- - Wednesday, June 8, 2016

ANALYSIS/OPINION:

Chinese President Xi Jinping’s recent meeting with Ri Su-yong, North Korea’s vice chairman of the Communist Party’s Central Committee, could be the beginning of a new type of bilateral relationship between China and North Korea. Ri Su-yong, the former foreign minister who was the North’s ambassador to Switzerland when Kim Jong-un was a student in Switzerland, is a close confidant of the mercurial North Korean president. Mr. Ri delivered a message from Mr. Kim to Mr. Xi, with both then publicly expressing a willingness to improve bilateral relations and maintain peace and stability on the Korean Peninsula.

Now that he has been in power for five years, it appears that China is prepared to invite the young North Korean leader to China for an official visit. This could happen as soon as August, during celebrations on the 95th anniversary of the Chinese Communist Party. Such a visit could be significant. It could signal North Korea’s willingness to discuss the denuclearization of the Korean Peninsula in return for security assurances, the lifting of sanctions and other deliverables. It could also, however, indicate that North Korea is confident in believing that China, the United States and others are now prepared to deal with North Korea as a nuclear weapons state and that denuclearization is no longer a realistic objective.

A few days before the visit of Mr. Ri to China, the North again launched its intermediate range Musudan missile. Although the launch failed, the timing, just prior to Mr. Ri’s trip to China, was interesting. Also interesting was Mr. Ri’s message to Song Tao, minister of the International Liaison Department of the Chinese Communist Party, the Chinese organization responsible for maintaining good relations with its communist ally. According to North Korea’s official media, Mr. Ri told Mr. Song that North Korea will not give up its policy of “Byungjin” — pursuing economic and nuclear development.

Domestically, North Korea is on a roll: a fourth nuclear test in January, purported to be a hydrogen bomb, followed by a missile launch in February, a successful launch of a submarine-launched ballistic missile, and a series of static rocket engine tests. The Seventh Party Congress in March, the first such congress in 36 years, appointed Kim Jong-un party chairman, launched a five-year economic plan, and announced that a nuclear North Korea would not use its nuclear weapons unless its sovereignty was threatened.

Prior to Mr. Ri’s visit to China, many assumed a fifth nuclear test was imminent and the first test of the KN-08 intercontinental ballistic missile also was imminent. Whether the North moves forward with this test and launch is problematic now, given the likelihood that Mr. Kim may visit China this year at the invitation of Mr. Xi. Indeed, another nuclear test and missile launch would be another slap in the face to China.

China-North Korea relations are at a tipping point. There is the prospect that Mr. Xi will take a different tack in dealing with North Korea and its young leader. This would be a positive development if China is determined to convince Mr. Kim that he should cease his provocative actions, with an immediate halt to nuclear tests and missile launches, and return to negotiations focused on the denuclearization of the Korean Peninsula. In return, China can assure Mr. Kim that North Korea will remain an ally of China and in addition to China’s fuel and food assistance, North Korea would receive security assurances, economic assistance and other deliverables from the United States and other countries.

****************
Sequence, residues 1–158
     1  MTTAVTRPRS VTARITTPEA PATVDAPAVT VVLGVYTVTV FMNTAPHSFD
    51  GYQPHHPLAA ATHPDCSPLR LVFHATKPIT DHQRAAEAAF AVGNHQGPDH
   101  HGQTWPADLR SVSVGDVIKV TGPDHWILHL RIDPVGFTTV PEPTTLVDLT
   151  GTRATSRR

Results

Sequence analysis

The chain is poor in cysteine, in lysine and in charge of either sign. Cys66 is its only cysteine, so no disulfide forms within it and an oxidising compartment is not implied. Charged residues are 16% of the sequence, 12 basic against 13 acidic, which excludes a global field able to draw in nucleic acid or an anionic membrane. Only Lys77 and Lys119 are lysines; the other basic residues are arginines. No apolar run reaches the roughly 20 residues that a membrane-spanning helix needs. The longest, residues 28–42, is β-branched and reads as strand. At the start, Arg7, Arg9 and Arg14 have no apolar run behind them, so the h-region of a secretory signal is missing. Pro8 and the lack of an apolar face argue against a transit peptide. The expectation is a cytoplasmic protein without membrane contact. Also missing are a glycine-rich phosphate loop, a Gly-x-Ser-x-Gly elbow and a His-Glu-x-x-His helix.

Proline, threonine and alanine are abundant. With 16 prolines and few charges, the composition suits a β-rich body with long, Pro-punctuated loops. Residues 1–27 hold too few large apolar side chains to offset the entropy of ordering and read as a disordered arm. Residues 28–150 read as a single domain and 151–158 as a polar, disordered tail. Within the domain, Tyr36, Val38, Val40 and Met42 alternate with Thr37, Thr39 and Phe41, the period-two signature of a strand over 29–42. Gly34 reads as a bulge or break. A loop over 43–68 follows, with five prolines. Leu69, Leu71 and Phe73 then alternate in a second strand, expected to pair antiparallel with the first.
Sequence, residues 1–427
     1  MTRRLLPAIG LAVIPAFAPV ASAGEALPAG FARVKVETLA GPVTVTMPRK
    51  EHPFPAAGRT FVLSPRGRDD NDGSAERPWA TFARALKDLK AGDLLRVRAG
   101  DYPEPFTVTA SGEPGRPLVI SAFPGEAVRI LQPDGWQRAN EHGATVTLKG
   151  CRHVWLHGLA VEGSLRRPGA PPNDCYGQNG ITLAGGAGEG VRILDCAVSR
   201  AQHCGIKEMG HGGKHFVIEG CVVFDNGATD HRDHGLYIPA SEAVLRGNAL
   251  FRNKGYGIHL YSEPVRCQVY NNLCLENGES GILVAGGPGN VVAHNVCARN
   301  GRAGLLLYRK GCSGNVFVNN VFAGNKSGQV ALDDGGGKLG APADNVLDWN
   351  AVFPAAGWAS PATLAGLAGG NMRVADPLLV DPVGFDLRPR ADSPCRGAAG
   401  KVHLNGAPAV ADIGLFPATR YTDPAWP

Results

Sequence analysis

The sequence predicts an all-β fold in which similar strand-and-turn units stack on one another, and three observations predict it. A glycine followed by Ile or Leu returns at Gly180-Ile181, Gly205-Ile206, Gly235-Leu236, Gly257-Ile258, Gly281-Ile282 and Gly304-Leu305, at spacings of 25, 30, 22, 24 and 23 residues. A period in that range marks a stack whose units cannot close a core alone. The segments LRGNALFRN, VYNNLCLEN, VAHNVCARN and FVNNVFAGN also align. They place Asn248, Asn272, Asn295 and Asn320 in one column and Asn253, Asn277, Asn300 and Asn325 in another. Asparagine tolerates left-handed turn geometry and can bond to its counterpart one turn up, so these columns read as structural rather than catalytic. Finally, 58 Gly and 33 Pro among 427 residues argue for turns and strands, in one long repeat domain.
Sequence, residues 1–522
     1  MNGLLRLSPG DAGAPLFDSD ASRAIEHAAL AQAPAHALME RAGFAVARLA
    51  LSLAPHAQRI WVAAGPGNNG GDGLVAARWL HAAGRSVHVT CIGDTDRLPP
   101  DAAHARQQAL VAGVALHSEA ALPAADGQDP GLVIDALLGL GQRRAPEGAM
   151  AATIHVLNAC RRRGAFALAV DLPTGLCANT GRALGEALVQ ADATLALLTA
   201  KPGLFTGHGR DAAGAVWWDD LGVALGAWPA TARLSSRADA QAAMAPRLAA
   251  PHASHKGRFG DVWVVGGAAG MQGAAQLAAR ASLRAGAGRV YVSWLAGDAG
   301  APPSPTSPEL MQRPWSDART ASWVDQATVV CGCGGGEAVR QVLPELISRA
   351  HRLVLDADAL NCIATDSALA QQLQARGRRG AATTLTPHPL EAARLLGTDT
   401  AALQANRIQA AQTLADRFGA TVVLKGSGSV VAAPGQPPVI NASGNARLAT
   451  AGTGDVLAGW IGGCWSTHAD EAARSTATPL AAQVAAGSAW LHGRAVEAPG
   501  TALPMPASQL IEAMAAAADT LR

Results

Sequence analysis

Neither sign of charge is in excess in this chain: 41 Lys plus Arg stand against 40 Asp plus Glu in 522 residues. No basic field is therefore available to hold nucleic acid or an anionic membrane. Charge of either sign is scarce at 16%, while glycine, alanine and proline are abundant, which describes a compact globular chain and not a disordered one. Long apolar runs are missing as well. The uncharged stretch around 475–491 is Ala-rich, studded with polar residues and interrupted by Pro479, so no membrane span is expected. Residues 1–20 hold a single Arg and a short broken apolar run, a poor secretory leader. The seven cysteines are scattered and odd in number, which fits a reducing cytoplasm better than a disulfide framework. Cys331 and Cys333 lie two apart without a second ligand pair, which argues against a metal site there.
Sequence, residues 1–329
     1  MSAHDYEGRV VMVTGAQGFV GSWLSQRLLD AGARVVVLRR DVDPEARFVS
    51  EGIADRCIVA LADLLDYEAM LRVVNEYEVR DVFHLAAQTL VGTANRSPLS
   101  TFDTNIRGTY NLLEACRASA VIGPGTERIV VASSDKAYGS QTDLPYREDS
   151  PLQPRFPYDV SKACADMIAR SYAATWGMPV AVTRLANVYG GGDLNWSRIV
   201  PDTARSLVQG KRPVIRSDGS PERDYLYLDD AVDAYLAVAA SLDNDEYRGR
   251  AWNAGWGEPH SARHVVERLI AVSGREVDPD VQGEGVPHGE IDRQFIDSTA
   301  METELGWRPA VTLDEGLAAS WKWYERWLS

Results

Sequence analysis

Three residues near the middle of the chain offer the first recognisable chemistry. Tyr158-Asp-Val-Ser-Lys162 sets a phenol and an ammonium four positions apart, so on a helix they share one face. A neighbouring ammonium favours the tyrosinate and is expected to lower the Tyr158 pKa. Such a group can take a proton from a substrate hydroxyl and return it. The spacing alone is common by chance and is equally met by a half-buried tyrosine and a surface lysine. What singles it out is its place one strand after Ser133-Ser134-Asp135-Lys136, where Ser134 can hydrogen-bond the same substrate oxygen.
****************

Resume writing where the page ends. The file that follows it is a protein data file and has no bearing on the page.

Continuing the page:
If China is unable to convince Mr. Kim to return to denuclearization talks, and concedes to North Korea’s demand that it be accepted as a nuclear weapons state, this would have profound consequences for the region and the international community. To accept North Korea as a nuclear weapons state, even if it commits to retaining only its current arsenal of nuclear weapons and pledges not to build any additional nuclear weapons, would be a profound national security failure. Other countries in the region, definitely to include South Korea and Japan, would then seek their own nuclear weapons, regardless of U.S. extended nuclear umbrella commitments. Moreover, the possibility of a nuclear North Korea proliferating nuclear weapons or fissile material, if there’s a need for foreign resources, also is a reality. Indeed, North Korea’s assistance to Syria in the construction of a nuclear reactor in Al Kibar, taken out by Israel in 2007, should not be forgotten.

Hopefully, a Kim Jong-un official visit to China to meet Xi Jinping will be the beginning of a North Korea that ceases its provocative actions and returns to negotiations for the denuclearization of the Korean Peninsula.

Joseph R. DeTrani is president of the Daniel Morgan Academy and a former special envoy for the Six-Party Talks with North Korea. The views are the author’s and not the views of any government agency or department.

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